#dailyupdate: on spiritual heartbreak and countering extremism

A few days ago, I was working on this 50 page research paper that is dealing with sectarianism in the Egypt, Iraq, and Syria. I’ve tried to avoid dealing with Sharia law in general because I simply do not know enough and haven’t had time to do proper research. However, I realized that I had to address it at least a *bit* and started a generalized search for different Muslim perspectives on apostasy. Well, I quickly realized that a “quick search” would only lead me to more extreme views and what I really wanted to know was the other views out there. So I wrote a friend of mine, Mehreen Rasheed, and after presenting my dilemma and struggle, she sent me long emails of different and moderate views.

Below is her reflection on spiritual heartbreak and extremist views. 

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Just a few days ago, a dear friend of mine asked me for help while writing a paper on Egypt, Iraq, and Syria’s “apostasy” laws. She had found the Qur’anic verses and Hadith that are typically used (read: misused) to justify imposing the death penalty on people who convert from or leave Islam.

For context and perspective, she wanted to find more moderate interpretations. Happy and relieved that she had not left it up to an unreliable and unrepresentative Google search, I gladly sent her a flurry of sources roundly discrediting that view and briefly explained some of the basic theological issues surrounding sound, contextual interpretation of religious sources and determining the validity of Hadith. I then included a non-exhaustive list of Islamic scholars, many of whom are American Muslim household names and who have been greatly influential in my thinking. I told her that looking at the views and work of these people could give her some insight into the way many Muslims, particularly in the United States, tend to think.

Then today, I read the news that in Da’esh’s most recent propaganda effort, it published a hit list containing the names of beloved Muslim scholars and leaders from the US, Canada, UK, and Australia. Among them were names I had mentioned to my friend just four days ago. It would have enraged me at any time, but the timing made it an especial stab in the gut.

I think back to the conversation with my friend from few days ago. From Egypt, our conversation had turned to Da’esh and its propaganda machine, which includes the publication of pseudo-theological treatises to attempt to justify their heinous and criminal actions. She lamented how organized Da’esh seems to be in comparison to many religious scholars who are not on the same level of research. I immediately sent her another flurry of links to statements and treatises by prominent Muslims scholars around the world not only denouncing Da’esh, but actually conducting legal analysis discrediting its view as a matter of Islamic Law. Then it was my turn to lament how it seems that no matter how much we condemn, denounce, discredit, and repudiate, we always seem to be coming up short—not just among bigots who would turn a deaf ear to our cries, but even among those like my friend who are actively seeking answers.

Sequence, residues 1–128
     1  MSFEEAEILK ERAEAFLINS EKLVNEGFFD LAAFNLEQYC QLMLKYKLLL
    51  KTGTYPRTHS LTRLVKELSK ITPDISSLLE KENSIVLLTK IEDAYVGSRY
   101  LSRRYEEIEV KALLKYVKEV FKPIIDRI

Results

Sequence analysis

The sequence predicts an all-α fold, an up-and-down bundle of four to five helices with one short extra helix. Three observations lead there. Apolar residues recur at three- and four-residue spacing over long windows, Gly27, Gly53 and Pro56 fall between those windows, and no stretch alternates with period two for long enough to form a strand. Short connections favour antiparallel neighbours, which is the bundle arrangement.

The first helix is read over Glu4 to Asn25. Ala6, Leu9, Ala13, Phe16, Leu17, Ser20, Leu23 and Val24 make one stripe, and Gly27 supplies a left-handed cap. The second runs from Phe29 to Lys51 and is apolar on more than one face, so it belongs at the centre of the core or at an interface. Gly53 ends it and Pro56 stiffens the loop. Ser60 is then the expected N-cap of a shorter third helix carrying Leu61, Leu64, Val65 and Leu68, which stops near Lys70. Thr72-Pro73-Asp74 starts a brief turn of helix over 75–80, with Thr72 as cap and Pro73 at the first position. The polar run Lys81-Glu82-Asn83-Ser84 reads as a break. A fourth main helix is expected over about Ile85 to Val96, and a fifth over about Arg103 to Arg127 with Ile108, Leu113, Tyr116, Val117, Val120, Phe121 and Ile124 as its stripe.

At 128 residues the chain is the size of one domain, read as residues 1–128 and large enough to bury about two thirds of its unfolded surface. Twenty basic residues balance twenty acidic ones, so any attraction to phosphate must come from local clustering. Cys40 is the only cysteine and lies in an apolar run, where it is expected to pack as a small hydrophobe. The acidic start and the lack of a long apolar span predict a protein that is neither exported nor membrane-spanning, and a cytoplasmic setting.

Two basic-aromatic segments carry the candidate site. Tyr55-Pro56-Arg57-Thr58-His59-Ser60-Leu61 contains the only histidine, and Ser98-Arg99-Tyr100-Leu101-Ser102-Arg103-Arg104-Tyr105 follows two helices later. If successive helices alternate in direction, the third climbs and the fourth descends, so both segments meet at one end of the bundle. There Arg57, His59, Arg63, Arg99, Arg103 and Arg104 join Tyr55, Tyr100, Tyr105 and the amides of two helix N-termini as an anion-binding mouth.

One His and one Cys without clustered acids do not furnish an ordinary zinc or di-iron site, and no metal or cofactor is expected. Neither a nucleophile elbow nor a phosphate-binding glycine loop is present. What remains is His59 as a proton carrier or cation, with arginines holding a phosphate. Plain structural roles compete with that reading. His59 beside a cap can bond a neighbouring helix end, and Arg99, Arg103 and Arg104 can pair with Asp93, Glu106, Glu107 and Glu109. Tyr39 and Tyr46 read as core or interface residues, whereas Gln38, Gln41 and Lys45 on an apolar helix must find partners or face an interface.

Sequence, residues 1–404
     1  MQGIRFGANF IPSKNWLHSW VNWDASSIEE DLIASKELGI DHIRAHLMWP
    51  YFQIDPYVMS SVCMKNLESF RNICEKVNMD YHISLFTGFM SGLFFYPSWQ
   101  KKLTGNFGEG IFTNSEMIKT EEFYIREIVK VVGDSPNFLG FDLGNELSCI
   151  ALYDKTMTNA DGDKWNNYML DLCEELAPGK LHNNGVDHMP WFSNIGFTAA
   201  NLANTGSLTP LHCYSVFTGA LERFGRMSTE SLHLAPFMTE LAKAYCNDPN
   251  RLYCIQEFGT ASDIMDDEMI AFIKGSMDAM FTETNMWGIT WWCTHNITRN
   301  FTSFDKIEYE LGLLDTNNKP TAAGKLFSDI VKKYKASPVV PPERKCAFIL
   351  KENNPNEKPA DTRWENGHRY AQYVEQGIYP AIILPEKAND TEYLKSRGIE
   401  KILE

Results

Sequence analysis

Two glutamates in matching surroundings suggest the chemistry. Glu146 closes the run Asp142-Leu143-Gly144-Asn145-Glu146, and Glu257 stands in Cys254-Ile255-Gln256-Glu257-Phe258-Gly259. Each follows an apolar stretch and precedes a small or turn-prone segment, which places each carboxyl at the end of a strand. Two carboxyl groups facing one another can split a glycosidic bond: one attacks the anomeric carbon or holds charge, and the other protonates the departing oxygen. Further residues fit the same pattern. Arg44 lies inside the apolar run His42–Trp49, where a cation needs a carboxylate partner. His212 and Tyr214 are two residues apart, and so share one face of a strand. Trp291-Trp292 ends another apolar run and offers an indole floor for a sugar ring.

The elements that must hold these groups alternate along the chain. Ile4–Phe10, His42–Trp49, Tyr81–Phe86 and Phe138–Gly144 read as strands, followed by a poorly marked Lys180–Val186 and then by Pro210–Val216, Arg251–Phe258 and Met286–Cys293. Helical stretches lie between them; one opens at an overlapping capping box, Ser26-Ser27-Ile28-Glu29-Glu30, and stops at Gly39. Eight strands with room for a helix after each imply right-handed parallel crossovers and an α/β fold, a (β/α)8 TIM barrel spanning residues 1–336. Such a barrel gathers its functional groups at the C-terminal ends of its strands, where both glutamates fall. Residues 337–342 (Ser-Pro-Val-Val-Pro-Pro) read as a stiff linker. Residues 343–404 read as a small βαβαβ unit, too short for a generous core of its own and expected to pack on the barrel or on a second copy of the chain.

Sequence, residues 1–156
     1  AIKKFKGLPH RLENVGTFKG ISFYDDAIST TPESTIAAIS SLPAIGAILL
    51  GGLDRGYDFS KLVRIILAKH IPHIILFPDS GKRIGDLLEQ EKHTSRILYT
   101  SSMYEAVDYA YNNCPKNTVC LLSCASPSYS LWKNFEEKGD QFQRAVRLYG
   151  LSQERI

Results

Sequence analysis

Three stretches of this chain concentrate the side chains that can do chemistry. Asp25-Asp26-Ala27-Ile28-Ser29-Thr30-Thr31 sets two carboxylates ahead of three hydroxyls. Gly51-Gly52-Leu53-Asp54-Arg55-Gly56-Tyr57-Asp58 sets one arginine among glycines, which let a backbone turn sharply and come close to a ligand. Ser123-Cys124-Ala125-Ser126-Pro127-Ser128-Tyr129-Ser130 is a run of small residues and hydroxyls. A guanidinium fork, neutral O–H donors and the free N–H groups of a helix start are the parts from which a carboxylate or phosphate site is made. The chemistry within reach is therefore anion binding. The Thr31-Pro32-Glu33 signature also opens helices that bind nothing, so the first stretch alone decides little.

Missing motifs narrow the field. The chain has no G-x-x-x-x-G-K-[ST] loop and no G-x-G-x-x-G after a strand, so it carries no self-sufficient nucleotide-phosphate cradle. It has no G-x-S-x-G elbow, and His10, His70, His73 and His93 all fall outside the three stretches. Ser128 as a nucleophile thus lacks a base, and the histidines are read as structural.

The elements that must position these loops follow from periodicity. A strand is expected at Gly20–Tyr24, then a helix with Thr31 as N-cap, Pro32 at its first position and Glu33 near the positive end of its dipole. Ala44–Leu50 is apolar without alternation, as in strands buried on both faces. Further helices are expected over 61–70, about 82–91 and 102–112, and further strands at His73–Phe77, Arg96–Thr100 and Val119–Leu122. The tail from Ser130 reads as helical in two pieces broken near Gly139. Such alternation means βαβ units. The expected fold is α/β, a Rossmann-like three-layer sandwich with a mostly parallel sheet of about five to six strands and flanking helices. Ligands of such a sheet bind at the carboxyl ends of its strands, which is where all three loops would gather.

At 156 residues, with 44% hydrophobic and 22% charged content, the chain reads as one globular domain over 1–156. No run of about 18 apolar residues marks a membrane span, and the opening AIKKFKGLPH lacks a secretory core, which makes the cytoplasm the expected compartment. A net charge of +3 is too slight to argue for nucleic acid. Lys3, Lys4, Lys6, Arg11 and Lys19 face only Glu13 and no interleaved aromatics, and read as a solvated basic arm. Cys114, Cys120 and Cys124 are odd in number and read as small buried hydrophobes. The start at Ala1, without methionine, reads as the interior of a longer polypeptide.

I know that I don’t owe the world an explanation or an apology. I don’t owe anyone my condemning, denouncing, discrediting, and repudiating. We spend a lot of time talking about this: about how calling upon Muslims to condemn extremism unfairly puts our loyalty and citizenship on trial. More insidious is the danger of pandering and falling into the trap of becoming the exceptional “moderate,” well-behaved Muslims—as though to suggest that Islam itself must be apologized for; as though the false, shallow rhetoric of these self-interested criminals somehow has equal claim to the Way.[1] But I want to scream. My heart is broken that the beautiful teachings of my beloved Prophet have been contorted, disfigured, to fit some horrific agenda. Moreover, people are actually buying it—from the actual Da’esh recruits to The Atlantic Monthly.

And so, it is with a heavy heart that I continue to condemn. Not out of a sense of obligation or American jingoism, but out of a deep love of my Prophet and the Way that he showed me. A way of peace and mercy. A way that has changed my life. His legacy doesn’t need saving. But like the Prophet’s own companions, who could not bear to remain silent in the face of criticism and defamation against him, how can I? I condemn, I condemn, I condemn.

[1] Sharia literally means the way, or more specifically, the way or the path to water [water being the source of life]. We believe that Sharia is divinely-revealed guidance for individuals, families, and societies to achieve harmony and spiritual excellence in this life and salvation in the next. This is distinct from fiqh, which is jurisprudence—legal opinions and interpretations that may change depending on place and evolve over time—a mortal pursuit.


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